Sometimes called the “Home of Gold” due to its numerous gold mines, Zhaoqing is located to the west of Foshan and Jiangmen. It has the largest land area of the GBA cities (14,891 km2) and very well-developed transportation networks. It is home to one of the most important inland ports in China, the Zhaoqing New Port.

Between the sixth and 16th centuries, Zhaoqing was an important military and political center for the region. For centuries it was known as the “capital of inkstones in China.”

In 2019, Zhaoqing’s GDP was RMB 224.9 billion (US$32.6 billion).

Zhaoqing has an expansive mining and tourism industry. Some sectors for mining include limestones for cement, limestones for flux, gypsum, granite for overcoating, granite for construction, porcelain clay, ink-stone, mineral water, and geothermal water.

Major development areas

  • National level – Zhaoqing High-Tech Industrial Development Zone; and
  • Provincial level – Zhaoqing Industrial Park.

Policy implications for the city from the 2019 PC

  • Expansion of new modes of cross-border e-commerce;
  • Acceleration of the Zhaoqing New District Comprehensive Bonded Zone and the Sihui Bonded Logistics Center;
  • Accelerated construction of high-quality network services in the Zhaoqing Expressway;
  • The establishment of 20 new research and development institutions and 25 high-level technology business incubators; and
  • Promotion of the construction of the “three cores and nine rings” power grid target grid, information network, municipal and water conservancy projects.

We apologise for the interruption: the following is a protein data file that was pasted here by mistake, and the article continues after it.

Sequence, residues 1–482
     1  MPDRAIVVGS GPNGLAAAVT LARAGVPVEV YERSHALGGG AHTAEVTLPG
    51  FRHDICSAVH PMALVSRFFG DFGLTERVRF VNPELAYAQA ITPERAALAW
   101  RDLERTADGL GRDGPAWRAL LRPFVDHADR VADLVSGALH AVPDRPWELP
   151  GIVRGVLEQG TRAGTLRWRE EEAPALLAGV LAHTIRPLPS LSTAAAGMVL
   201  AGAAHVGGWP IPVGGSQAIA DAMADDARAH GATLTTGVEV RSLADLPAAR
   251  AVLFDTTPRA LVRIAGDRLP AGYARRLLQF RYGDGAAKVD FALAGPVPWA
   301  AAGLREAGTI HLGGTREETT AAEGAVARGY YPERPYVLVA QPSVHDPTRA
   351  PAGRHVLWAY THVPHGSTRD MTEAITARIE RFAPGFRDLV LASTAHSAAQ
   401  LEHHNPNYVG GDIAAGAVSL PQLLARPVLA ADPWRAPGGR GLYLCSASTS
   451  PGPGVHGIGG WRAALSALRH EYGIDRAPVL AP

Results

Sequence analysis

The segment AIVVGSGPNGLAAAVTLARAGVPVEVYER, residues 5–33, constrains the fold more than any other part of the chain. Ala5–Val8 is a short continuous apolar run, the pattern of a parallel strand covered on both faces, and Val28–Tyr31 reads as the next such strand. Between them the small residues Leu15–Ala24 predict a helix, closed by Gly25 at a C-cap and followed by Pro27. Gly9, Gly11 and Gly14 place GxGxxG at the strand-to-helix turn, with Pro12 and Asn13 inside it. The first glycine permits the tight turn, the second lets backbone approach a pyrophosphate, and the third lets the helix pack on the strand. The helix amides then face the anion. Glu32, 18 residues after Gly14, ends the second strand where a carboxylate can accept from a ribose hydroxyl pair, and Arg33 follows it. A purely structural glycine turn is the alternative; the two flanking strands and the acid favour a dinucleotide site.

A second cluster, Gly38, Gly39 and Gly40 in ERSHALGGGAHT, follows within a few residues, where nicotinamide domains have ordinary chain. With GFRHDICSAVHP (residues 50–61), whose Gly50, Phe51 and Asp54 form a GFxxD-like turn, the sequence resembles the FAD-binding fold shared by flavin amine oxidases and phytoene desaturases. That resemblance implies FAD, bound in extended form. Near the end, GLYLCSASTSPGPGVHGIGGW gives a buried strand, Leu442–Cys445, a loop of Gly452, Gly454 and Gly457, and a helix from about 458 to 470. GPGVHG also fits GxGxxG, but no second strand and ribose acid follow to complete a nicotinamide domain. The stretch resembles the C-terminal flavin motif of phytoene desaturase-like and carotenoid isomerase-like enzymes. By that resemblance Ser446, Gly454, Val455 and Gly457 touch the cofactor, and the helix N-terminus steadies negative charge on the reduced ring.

As one of the westernmost cities in the GBA, Zhaoqing will likely continue focus on linking the region to China’s southwest. Currently, predominant investment into the city is focused on its tourism sector and urban development.


Jiangmen is located to the west of Foshan, Zhuhai, and Zhongshan and serves as one of two western gates into the region. It has eight expressways connecting it to other cities and has been integrated into the “1-hour economic circle” of the Greater Pearl River Delta. It has two class-one cargo ports – Xinhui port and Taishan Guanghai port.

Jiangmen was historically under the administration of Xinhui county until it became an official city in 1952. It was among the regions that was forced to open to western trade in 1902, but its development was stunted by the growth of nearby Guangzhou and Hong Kong during the great depression of the 1930s.

In 2019, Jiangmen’s GDP was RMB 314.7 billion (US$45.6 billion).

While Jiangmen currently lags somewhat behind its neighbors in terms of overall production, it has developed a fairly-advanced industry for motorcycles and auto parts manufacturing, textiles and garments, paper-making, shipbuilding, food, packaging materials, bathroom accessories and sanitary hardware, printing, and electromechanics.

It is also a key source for agricultural products and by-products for the Pearl River Delta, Hong Kong, and Macau and the first agricultural cooperation pilot zone with Taiwan in the Guangdong province.

Jiangmen has been rapidly developing its new energy, new lighting, new materials, high-end equipment manufacturing, and green household appliances industries.

Major development areas

  • National level: Jiangmen High-Tech Industrial Development Zone; and